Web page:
Brianstarts a miniseries using the TRX Suspension Trainer with the first half of areaching progression, four single-leg, upper-body exercises that engage theposterior chain and increase hip flexion.

See 'RelatedResources' below for past Functionally Fits (including the TRX miniseries) andother exercises and training tips.

Begin with one foot suspended in the TRX and the other foot facing forward (see below). Move further away from the fulcrum to add additional stability challenge. I begin using a small cone (4 1/2", shown in figures below) for proprioceptive feedback and position it at least eight to 12" from the stance foot. As the client is able, he/she can reach toward the floor as well.

1. Bilateral anterior reach (sagittal plane)
2. Unilateral anterior reach (sagittal plane)
3. Unilateral anterolateral reach (combines frontal and sagittal plane reaching)
4. Unilateral cross-over reaching (transverse plane)
It should be noted that I start clients with these reaches on the floor, then a small box/step, next a BOSU and finally move to the TRX. Balance and stability with a fixed segment should be a prerequisite and demonstrated prior to integrating the suspended TRX progressions that follow.
You may perform one to two sets of each exercise for five to 10 quality reps. The client should be advised to maintain the knee in alignment with the foot at all times. Initially, you may need to stick with level one. Ultimately, only move forward once they demonstrate proper form with the prior activity.
This exercise is an effective way to engage the posterior chain and encourage increasing hip flexion. All of your female cutting and jumping athletes need more gluteal and hamstring training to prevent ACL injuries, and recent research indicates shifting the center of mass forward with landing and deceleration is beneficial in decreasing quad moments.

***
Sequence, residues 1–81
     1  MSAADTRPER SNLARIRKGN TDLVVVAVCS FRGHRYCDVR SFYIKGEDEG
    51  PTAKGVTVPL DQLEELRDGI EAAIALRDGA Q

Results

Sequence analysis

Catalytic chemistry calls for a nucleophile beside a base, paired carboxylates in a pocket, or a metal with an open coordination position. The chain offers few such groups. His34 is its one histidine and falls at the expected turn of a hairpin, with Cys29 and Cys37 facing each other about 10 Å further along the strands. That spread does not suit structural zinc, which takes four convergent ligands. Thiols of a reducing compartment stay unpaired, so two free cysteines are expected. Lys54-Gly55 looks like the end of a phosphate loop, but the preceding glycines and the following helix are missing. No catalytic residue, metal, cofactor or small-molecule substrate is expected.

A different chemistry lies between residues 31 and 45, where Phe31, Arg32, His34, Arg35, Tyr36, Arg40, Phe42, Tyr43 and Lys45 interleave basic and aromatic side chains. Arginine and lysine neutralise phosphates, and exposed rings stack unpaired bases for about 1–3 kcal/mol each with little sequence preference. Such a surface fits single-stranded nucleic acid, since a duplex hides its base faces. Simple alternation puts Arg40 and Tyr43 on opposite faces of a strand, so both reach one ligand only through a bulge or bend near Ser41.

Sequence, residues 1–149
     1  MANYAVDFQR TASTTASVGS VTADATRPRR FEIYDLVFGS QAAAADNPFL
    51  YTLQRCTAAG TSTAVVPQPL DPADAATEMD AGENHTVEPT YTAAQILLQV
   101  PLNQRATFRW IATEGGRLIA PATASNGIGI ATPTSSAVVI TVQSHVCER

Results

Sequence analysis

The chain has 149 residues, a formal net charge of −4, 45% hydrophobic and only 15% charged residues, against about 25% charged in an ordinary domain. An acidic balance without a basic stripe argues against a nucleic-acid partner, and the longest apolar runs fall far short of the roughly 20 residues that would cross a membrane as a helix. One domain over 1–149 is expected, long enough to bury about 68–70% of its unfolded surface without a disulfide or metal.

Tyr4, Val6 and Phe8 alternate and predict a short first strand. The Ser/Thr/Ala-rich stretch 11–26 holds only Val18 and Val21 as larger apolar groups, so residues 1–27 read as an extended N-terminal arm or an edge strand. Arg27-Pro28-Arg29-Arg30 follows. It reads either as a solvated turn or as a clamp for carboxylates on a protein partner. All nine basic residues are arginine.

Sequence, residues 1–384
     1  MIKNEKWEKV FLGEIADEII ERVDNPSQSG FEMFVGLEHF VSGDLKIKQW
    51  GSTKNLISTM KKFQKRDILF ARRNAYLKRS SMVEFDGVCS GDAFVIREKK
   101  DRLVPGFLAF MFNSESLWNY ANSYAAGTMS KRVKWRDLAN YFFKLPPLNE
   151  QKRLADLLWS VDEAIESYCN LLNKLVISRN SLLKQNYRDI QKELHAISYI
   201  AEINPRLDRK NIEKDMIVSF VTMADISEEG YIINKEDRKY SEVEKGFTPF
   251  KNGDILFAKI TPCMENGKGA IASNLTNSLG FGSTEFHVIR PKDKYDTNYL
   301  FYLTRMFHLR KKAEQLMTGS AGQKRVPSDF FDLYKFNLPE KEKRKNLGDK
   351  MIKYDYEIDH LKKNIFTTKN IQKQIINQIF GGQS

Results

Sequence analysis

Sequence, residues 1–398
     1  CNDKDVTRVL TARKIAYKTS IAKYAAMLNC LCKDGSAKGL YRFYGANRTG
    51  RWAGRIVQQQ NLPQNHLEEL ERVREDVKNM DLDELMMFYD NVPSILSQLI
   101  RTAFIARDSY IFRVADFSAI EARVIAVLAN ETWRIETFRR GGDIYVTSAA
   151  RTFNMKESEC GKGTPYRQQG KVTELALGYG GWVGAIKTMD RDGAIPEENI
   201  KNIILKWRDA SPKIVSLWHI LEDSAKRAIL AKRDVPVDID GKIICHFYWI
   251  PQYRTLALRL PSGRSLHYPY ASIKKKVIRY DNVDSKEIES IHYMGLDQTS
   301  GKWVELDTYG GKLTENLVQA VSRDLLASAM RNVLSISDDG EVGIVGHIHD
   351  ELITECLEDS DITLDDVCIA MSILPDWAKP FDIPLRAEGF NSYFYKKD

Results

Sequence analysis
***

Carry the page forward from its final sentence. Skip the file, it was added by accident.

Additionally, the exercise demands sufficient anti-rotation (deceleration) strength to maintain balance and control, teaching the client to reduce valgus. This added benefit addresses hip/knee/ankle stability. I also like to increase the distance between toes and cone to improve dynamic ankle mobility, most notably dorsiflexion, as reduced dorsiflexion may lead to increased pronation and tibial rotation.
For safety and to avoid overstressing irritable tissues, you may want to modify, screen or exclude clientele (on a case-by-case basis) with the following conditions:
  • Marked knee or hip arthritis
  • Meniscus pathology
  • Hip labral tears
  • Active lumbar disc pathology/sciatica

Brian Schiff, PT, CSCS ( is a licensed physical therapist, respected author and fitness professional. He became a Certified Strength and Conditioning Specialist (CSCS) in 1998. In 2000, he opened his own personal training and sport-specific conditioning facility, Fitness Edge, in Dublin, Ohio. Brian has presented at several professional conferences and seminars on injury prevention and sport-specific training.


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